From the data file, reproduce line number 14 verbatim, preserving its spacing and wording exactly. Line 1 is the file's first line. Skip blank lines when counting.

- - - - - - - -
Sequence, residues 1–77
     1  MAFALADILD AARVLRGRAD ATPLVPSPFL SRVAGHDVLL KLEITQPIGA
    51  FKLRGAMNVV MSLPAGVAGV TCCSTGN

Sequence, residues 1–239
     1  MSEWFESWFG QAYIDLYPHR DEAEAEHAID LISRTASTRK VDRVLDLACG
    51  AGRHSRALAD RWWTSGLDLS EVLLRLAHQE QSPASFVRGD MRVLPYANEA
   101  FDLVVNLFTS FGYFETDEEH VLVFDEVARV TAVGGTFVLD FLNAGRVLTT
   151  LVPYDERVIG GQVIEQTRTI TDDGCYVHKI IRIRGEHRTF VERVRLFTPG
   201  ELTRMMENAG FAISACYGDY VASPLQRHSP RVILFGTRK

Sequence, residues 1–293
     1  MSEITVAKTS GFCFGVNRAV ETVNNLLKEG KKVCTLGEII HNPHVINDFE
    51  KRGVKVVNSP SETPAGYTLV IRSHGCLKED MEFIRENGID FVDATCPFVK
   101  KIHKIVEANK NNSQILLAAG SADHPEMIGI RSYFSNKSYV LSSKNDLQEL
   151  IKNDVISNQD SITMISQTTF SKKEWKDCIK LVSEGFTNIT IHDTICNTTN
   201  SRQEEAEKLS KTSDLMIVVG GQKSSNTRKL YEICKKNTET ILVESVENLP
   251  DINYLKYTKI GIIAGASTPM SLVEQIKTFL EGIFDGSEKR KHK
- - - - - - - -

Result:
   151  IKNDVISNQD SITMISQTTF SKKEWKDCIK LVSEGFTNIT IHDTICNTTN